Saturday, January 15, 2022

Is it time for the filibuster to go?

Democrat Senator Kyrsten Sinema (aided and abetted by - of course - pseudo-Democrat Joe Manchin) has decided, in her wisdom, to vote down the Democrat's attempt to remove the filibuster rule, even in isolated cases. The existence of the legislative filibuster effectively requires a 60% majority to pass any kind of legislation. Given the current evenly-balanced Senate, that effectively rules out passage of the hugely important Democratic legislation to protect voting rights in the USA.

The Freedom to Vote Act and the John Lewis Voting Rights Advancement Act are both essential pieces of legislation to counter the rash of state-level legislation passed by Republican states recently, which are aimed at deliberately disenfranchising whole segments of the populace, and thereby ensuring Republican electoral victories. But Republicans in the Senate have already filibustered the two pieces of legislation - which have already been passed in the House of Representatives - four times, and look set to repeat that just as many times as needed until it goes away. Meanwhile, mid-term elections are coming up in 2022, which, thanks to the recent undemocratic Republican legislation changes, may mean that the Democrats lose any chance of passing ANYTHING at all for the rest of their administration.

So, the stakes are high, as Sinema and Manchin both know. Senator Sinema has made no secret of her love for the filibuster, which she sees as enhancing democracy, ensuring bipartisanship, and easing "the underlying disease of division infecting our country". Fine words perhaps, but impossibly naive and even disingenuous, especially at this particular political juncture. 

With the spectre of post-Trump Republicans pulling out all the stops to ensure future election victories by whatever means possible, this is not the time to be pursuing airy-fairy notions of how things should be. There is important work to be done, and the filibuster rule is getting in the way of democracy right now.

filibuster is, essentially, a way for a relatively small group of Senators to (legally) block an action by the majority. US Senate rules allow one or more Senators to speak on any topic they wish, for as long as they wish (thereby delaying the vote on a bill, potentially forever), unless three-fifths of the Senators bring the debate to a close by invoking "cloture".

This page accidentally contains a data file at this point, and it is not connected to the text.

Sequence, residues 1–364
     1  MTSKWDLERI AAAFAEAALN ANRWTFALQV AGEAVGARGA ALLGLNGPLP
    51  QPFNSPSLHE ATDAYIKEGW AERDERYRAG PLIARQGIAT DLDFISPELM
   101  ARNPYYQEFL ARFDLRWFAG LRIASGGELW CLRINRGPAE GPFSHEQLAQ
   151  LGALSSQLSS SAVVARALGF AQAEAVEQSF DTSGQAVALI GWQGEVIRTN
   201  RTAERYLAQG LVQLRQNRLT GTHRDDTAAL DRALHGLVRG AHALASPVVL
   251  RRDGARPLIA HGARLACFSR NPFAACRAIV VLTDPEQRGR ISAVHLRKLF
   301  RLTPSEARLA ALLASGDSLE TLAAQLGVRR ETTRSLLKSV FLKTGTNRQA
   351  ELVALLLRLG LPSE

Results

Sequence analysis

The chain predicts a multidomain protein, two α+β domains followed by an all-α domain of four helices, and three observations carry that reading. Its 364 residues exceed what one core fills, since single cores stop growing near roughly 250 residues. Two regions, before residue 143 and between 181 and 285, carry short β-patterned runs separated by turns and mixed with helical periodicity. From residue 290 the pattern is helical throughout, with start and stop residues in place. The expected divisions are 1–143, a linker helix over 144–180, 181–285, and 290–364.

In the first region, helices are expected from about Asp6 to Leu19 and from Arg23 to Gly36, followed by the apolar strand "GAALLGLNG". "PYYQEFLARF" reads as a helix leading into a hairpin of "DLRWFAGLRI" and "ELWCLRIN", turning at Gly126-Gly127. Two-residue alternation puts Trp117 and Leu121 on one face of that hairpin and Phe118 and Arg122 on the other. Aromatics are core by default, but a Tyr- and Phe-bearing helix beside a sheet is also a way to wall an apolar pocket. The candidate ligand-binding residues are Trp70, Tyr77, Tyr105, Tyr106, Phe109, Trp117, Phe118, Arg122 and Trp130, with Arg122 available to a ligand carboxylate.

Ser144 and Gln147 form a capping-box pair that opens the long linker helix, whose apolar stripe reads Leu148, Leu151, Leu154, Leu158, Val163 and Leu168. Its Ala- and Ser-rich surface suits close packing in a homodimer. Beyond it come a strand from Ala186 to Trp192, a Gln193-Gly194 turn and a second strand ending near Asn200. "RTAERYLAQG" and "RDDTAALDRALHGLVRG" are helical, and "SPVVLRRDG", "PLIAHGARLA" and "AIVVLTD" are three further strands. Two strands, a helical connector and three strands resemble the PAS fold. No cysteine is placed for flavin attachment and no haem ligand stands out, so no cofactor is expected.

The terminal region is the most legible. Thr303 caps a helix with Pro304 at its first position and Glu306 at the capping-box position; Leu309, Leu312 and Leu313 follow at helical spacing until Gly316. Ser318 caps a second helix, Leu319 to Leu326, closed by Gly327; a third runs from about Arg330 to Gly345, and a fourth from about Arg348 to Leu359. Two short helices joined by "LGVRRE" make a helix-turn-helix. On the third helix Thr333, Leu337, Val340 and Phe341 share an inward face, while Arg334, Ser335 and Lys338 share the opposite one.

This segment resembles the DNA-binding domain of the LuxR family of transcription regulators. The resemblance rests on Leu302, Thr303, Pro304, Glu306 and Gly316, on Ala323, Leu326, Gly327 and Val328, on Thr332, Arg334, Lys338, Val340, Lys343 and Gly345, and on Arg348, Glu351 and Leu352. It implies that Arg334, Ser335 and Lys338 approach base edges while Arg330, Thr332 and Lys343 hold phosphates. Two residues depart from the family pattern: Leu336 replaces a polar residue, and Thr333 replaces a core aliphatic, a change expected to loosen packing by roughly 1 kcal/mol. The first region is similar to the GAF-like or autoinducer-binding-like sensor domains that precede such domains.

Legal? Yes. Democratic? Maybe. But the American Founding Fathers certainly never envisaged a Congress where a 60% vote was needed to get anything done; the regular 50% simple majority is what is built into the Constitution. In fact, the filibuster rule was a 19th invention invention employed only sparingly over most of America's political history (and not always for defensible reasons - it was used extensively to prop up the racist Jim Crow laws in the 1950s, for example). In the late 20th and early 21st century, though, it suddenly became a much more popular ploy, used, it should be noted, by both parties, and again, not always for commendable reasons.

"Filibuster" is actually an old 19th century word for a plunderer or pirate, which gives a good idea of how it was seen when it was first introduced. How has it now become an indispensable part of democratic discourse? Given the partisan gridlock that characterizes American politics right now, it is, in my opinion, doing Democracy a disservice, and people like Sinema and Manchin need to wake you to that before it is too late, and the Republicans impose their ugly right wing vision for good and all.

It's by no means certain that, even without a filibuster, the Democrats would be able to pass the much-needed legislation (particularly given the presence of mavericks like Sinema and Machin). What's abundantly clear, though, is that it is never going to pass while the filibuster exists.

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